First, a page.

In this post today, I look at three other major Admixture components with respect to the "Northeast Asian"-"East Asian" pattern.  These are the "West Asian", the "Southwest Asian" and the "Southern European" components.

Again, the data is normalized on the "Northeast Asian"-"East Asian" pattern. The remaining un-normalized components are allowed to float above this.  Figure 1 shows the zoomed in view with the normalization pattern running along the bottom.  This normalization approach corresponds with a North-South geographic pattern, as described in item "2." above.  Figure 2 shows the same data, but from a "zoomed out" perspective.  Populations are listed below Figure 2.

Figure 1:  Admixture components with normalized "Northeast Asian"-"East Asian" pattern show at bottom.  Components are arranged with highest "Northeast Asian" contribution on the left and highest "East Asian" contribution on the right.
Figure 2:  As in Figure 1, but "zoomed out" to fully show the un-normalized major components floating above the normalized "Northeast Asian"-"East Asian" pattern.
    1:  Chuvash
    2:  Lezgin
    3:  Georgian
    4:  Sindhi
    5:  Belorussian
    6:  Adygei
    7.  Pathan
    8:  Syrian
    9:  Turk
   10: Jordanian
   11: Romanian
   12: Ashkenazi
   13: North Kannadi
   14: Gujarati
   15: Uygur
   16: Burusho
   17: Egyptian

Looking at the above plots, the essential question to be asked is this:  Is there a correlation between the "Northeast Asian"-"East Asian" pattern and
1.  the "West Asian" component,
2.  the "Southwest Asian" component, or
3.  the "Southern European" component
The "West Asian" component is widely distributed.  In a few noticeable cases, such as the Chuvash, the Uygurs, the Burusho, and the North Kannadi, the "West Asian" component is only a very low level admixture component.  Based on this, it cannot be argued that the "West Asian" component is strongly correlated across the ancient "Northeast Asian"-"East Asian" pattern.  Moreover, the "West Asian" component is likely a superposition on this pre-existing population.  On the other hand, it has already been argued in another post that the point of coalescence of the "West Asian" component is somewhere in the Caucasus.   The distribution of the "West Asian" component centered about Georgians is vaguely apparent here.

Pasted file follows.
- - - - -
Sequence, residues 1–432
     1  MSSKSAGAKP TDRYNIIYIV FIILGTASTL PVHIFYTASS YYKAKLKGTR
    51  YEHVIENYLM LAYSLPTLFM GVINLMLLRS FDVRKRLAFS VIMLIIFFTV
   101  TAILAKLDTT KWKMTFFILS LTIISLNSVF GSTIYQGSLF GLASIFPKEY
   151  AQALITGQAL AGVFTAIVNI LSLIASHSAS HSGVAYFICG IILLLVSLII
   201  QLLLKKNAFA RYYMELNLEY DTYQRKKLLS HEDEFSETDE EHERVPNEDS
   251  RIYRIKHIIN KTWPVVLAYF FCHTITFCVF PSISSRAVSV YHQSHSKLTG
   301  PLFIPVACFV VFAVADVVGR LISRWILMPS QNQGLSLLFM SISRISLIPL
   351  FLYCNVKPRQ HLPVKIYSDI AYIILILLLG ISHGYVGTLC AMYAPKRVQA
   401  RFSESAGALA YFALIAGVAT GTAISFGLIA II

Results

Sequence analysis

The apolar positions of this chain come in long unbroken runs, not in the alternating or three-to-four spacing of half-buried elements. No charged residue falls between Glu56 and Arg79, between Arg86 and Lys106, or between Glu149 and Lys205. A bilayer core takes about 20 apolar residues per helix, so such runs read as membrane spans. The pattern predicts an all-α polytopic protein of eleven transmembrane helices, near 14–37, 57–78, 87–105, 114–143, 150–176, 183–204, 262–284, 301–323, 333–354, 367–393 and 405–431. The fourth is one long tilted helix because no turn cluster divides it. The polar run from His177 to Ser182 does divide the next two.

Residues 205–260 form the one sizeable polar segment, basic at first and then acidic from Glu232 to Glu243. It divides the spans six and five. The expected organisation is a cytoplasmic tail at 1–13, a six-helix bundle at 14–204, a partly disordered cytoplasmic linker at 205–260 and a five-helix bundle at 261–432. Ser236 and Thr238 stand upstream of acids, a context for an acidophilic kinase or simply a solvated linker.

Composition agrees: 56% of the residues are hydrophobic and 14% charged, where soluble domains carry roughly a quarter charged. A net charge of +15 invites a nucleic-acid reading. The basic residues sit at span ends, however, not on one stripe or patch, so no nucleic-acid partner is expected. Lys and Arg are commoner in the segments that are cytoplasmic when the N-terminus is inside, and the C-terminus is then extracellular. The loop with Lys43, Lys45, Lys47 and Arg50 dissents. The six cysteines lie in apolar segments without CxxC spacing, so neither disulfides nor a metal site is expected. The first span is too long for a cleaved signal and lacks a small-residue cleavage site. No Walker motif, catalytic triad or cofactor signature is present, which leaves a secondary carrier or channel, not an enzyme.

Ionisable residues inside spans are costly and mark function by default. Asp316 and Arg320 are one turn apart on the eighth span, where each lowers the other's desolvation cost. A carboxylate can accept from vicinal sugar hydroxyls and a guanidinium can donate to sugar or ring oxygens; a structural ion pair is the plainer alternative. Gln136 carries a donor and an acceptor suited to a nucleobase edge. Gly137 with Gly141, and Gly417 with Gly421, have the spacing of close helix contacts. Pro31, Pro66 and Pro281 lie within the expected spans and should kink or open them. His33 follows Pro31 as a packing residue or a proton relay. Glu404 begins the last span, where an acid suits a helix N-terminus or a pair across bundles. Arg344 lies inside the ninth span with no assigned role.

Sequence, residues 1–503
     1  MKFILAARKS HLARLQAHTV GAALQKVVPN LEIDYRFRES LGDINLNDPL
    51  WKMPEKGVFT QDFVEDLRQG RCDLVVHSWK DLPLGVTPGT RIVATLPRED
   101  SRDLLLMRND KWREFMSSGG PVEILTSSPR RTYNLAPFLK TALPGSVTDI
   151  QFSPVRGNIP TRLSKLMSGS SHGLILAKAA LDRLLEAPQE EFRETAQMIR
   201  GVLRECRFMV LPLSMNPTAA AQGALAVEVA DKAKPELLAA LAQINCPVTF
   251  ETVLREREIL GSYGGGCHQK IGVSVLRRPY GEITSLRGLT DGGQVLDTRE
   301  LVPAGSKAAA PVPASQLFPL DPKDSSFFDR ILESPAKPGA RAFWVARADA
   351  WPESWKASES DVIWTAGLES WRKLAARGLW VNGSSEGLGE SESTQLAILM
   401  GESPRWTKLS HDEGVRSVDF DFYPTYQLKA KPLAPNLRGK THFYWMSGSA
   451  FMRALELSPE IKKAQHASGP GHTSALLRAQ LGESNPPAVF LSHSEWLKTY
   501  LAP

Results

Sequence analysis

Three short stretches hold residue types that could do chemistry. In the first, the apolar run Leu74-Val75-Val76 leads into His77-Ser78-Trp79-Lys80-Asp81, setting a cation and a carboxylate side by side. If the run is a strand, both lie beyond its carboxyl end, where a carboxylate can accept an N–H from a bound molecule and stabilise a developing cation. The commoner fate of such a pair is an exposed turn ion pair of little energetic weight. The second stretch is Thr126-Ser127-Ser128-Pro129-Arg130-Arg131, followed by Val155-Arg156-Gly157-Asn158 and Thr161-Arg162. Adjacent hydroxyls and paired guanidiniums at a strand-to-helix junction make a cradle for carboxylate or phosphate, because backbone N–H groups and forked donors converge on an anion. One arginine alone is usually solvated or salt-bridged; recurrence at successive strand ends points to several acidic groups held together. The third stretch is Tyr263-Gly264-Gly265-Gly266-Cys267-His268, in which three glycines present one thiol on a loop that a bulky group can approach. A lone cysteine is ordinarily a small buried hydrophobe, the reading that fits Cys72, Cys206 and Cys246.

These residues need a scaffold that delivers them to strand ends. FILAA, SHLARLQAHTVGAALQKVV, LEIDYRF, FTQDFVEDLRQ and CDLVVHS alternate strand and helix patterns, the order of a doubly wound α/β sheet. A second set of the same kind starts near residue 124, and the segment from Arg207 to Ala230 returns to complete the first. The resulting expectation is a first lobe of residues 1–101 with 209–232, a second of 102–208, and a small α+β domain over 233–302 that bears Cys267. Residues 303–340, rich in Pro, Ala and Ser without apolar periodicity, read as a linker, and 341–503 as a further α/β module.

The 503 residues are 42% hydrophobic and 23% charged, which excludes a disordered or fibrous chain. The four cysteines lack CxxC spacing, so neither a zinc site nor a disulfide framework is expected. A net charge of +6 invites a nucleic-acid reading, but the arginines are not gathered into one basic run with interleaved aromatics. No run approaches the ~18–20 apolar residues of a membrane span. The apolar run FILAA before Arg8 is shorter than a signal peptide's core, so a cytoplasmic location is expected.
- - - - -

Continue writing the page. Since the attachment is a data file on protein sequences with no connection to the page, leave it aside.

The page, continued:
The distributions of the other two major components "Southwest Asian" and "Southern European" are sparse and loosely distributed.   There does not appear to be an easily observable correlation between the ancient "Northeast Asian"-"East Asian" pattern and these components, at least from this data.

Saturday, February 8, 2014

The arrival of the frequent: how bias in genotype-phenotype maps can steer populations to local optima

Stephen Schaper and Ard A. Louis




Excerpts of interest:
Response when the population is too small compared to large populations:
Responses to environmental change:

 Phenotypes with a local high frequency fix at the expense of rare phenotypes:

Richard Feynman on the Double Slit Paradox: Particle or Wave?

    Richard Feynman's Double Slit Paradox Lecture (Cornell)

Thursday, February 6, 2014

The ocean's hidden waves show their power

Surprisingly, internal waves can sometimes be seen clearly in satellite imagery (like in the above image of the Luzon Strait). This is because the internal waves create alternating rough and smooth regions of the ocean that align with the crest of the internal wave. Sunlight reflects the smooth sections, appearing as white arcs, while the rough sections stay dark. MODIS data courtesy of NASA/Image processed at Global Ocean Associates.

David L. Chandler, MIT News Office

““It’s an important missing piece of the puzzle in climate modeling,” Thomas Peacock [an associate professor of mechanical engineering at MIT] says. “Right now, global climate models are not able to capture these processes,” he says, but it is clearly important to do so: “You get a different answer … if you don’t account for these waves.” To help incorporate the new findings into these models, the researchers will meet in January with a climate-modeling team as part of an effort sponsored by the National Science Foundation to improve climate modeling.

“Beyond their effects on climate, internal waves can play a significant role in sustaining coral-reef ecosystems, which are considered vulnerable to climate change and to other environmental effects: Internal waves can bring nutrients up from ocean depths, Peacock says.”